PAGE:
Rick Scott expands weather emergency, reviews storm plans [updated]
Tropical Depression 9

Tropical Depression 9

Gov. Rick Scott expanded a state of emergency Wednesday to include nine additional counties as Florida braced for Tropical Storm Hermine to hit the Gulf Coast.

His executive order brought 50 of Florida’s 67 counties under the storm watch.

“We are in constant communication with local communities, and we stand ready to respond to any impacts, especially as we anticipate that the storm could become a hurricane before it reaches landfall tomorrow,” Scott said.  “As we brace for this storm to impact Florida, I will be at the SEOC in Tallahassee tomorrow to continue to closely monitor it.”

He referred to the State Emergency Operations Center, a cavernous facility from which officials will monitor developments and coordinate the state’s response to Tropical Storm Hermine, forecast to make landfall on Thursday.

Scott planned to confer with the National Hurricane Center Thursday morning.

“At this time, we expect a storm surge of upwards of six feet in some parts of our state. We also anticipate total rainfall amounts of five to 10 inches of over portions of Northwest Florida and isolated tornadoes,” he said.

“It is crucial that every Floridian has a plan in place to ensure that their families, homes and businesses are fully prepared,” he said.

Scott referred residents to flgetaplan.com, where they can find suggestions.

The counties added late Wednesday were Escambia, Santa Rosa, Okaloosa, Walton, Holmes, Washington, Manatee, Osceola and Sarasota.

Earlier, he declared emergencies in Alachua, Baker, Bay, Bradford, Brevard, Calhoun, Citrus, Clay, Columbia, Dixie, Duval, Flagler, Franklin, Gadsden, Gilchrist, Gulf, Hamilton, Hernando, Hillsborough, Jackson, Jefferson, Lafayette, Lake, Leon, Levy, Liberty, Madison, Marion, Nassau, Orange, Pasco, Pinellas, Polk, Putnam, Seminole, St. Johns, Sumter, Suwannee, Taylor, Union, Volusia, and Wakulla counties.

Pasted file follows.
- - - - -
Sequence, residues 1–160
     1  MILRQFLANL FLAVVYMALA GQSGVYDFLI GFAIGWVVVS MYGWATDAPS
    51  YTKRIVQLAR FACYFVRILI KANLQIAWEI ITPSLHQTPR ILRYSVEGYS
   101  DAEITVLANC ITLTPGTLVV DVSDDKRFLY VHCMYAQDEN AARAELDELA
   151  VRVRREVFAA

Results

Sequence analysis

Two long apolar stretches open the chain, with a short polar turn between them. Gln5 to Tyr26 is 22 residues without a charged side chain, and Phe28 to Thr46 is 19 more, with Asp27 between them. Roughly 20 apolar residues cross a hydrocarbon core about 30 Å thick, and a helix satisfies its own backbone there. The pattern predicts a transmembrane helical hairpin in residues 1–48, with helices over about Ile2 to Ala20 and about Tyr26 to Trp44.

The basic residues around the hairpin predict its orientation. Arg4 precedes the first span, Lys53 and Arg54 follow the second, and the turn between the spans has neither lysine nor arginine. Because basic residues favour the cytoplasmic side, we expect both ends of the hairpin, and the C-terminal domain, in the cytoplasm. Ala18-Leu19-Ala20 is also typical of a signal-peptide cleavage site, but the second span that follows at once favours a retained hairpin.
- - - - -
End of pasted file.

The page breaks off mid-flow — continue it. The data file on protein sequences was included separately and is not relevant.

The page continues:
Scott began a tour of the state’s preparations Wednesday morning in Tallahassee and scheduled additional briefings later in the day in Jacksonville, Gainesville, and Southport, in Bay County.

“This state knows what to do, but you have to do your part,” Scott advised Floridians.

That means planning for power outages, collecting a three-day supply of water, and preparing to seek shelter for families and pets, he said — and make sure you own a working battery-powered radio.

Florida has suspended aid to flood victims in Louisiana in case resources are needed at home. Officials have already consulted with federal disaster responders, and have prepared to shift food supplies at schools to evacuation shelters. Ports were “hunkering down,” one official said.

“We’re going to get some standing water — don’t drive into it,” Scott said. “We’re going to see downed power lines — don’t drive around them.”

Eight thousand National Guard troops were prepared to mobilize, he said.

Michael Moline

Michael Moline is a former assistant managing editor of The National Law Journal and managing editor of the San Francisco Daily Journal. Previously, he reported on politics and the courts in Tallahassee for United Press International. He is a graduate of Florida State University, where he served as editor of the Florida Flambeau. His family’s roots in Jackson County date back many generations.


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